Finally, the depletion of oil reserves would undermine MBZ’s efforts in consolidating his position as an influential leader. Since MBZ started acting as a de facto ruler in 2014, he has been trying to expand his power beyond the border of the UAE. Oil production has laid a solid foundation for MBZ’s power. An example of MBZ directly exerting his power via the oil wealth is the recent rebuff of the UAE at the request of the US to pump up oil production. This has shown how the natural resource grants MBZ certain political leverage with other states. Besides, oil revenues are important to the creation of the UAE’s defense industry and military, allowing MBZ to lead an interventionist foreign policy in the Arab world, which is exemplified in his backing General el-Sisi’s coup in Egypt in 2013 and later in the civil war in Yemen in 2015. This illustrates how oil revenues can indirectly benefit MBZ’s foreign policies. Therefore, the oil industry in the UAE is a means for MBZ to exert his influence as a major leader in the international community.
To conclude, the strong reliance on oil production has made the UAE vulnerable to the global efforts in oil phase-out and the depletion of the resource in the future. This would reduce the UAE’s revenues generated from the oil sector and therefore affect the national economic growth. Besides, the depletion of oil money reduces MBZ’s financial capabilities to implement his policies inside and outside the country. The decline of the oil sector as a major source of funding would also undermine the position of the house of Nahyan as the most important ruling family in the UAE and MBZ’s position as an influential leader on a domestic, regional, and international scale. Recognizing this challenge, MBZ has actively sought to diversify the UAE’s economy, by making the country a financial hub, key link in international supply chains with free ports, tourism center and renewable energy leader.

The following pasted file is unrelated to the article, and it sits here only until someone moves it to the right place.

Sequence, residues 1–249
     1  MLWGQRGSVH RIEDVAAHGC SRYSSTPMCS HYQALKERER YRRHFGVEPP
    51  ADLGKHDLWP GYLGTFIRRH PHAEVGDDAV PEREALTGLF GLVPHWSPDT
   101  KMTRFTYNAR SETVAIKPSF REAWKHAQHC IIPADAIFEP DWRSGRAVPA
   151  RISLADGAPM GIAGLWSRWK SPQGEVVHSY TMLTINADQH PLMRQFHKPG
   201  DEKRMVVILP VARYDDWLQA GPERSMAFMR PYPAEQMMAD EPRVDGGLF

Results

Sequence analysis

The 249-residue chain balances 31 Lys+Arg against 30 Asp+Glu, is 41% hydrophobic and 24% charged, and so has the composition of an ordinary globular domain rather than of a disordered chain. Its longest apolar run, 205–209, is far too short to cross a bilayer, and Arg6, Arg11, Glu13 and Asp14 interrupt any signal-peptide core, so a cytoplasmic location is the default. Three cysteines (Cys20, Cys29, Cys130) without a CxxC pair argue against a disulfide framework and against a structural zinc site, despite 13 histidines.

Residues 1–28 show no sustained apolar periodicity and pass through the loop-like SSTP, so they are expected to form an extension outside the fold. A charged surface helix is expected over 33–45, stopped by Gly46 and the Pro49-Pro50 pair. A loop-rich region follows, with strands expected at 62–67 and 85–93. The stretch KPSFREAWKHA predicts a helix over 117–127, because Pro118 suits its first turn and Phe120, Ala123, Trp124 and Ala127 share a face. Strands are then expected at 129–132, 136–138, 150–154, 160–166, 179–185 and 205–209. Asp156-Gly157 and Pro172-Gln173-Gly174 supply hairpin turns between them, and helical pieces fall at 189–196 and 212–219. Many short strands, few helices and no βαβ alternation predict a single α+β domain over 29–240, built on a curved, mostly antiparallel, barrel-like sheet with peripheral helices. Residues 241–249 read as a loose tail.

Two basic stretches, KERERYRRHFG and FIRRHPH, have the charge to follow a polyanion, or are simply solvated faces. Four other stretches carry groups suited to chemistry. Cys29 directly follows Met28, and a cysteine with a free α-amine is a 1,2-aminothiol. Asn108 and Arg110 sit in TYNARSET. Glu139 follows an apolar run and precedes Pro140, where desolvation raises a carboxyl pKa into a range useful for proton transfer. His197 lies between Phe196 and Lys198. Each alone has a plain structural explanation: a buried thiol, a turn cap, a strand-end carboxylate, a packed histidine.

Desertification is another dire environmental threat, with 80% of the area in the UAE being desert. According to the United Nations Convention to Combat Desertification (UNCCD), desertification is land degradation in arid, semi-arid and dry sub-humid areas resulting from various factors including climatic variations and human activities. “Desertification and land degradation in parts of UAE is driven by a number of natural and anthropogenic factors, including wind erosion, salinisation, waterlogging, vegetation loss, expansion of built-up areas, excavation and landfilling. There has been a constant increasing pressure on natural resources with the fast pace of urbanization and encroachment on arable land. With an increase in population and food consumption systems, land degradation and desertification are becoming rampant.”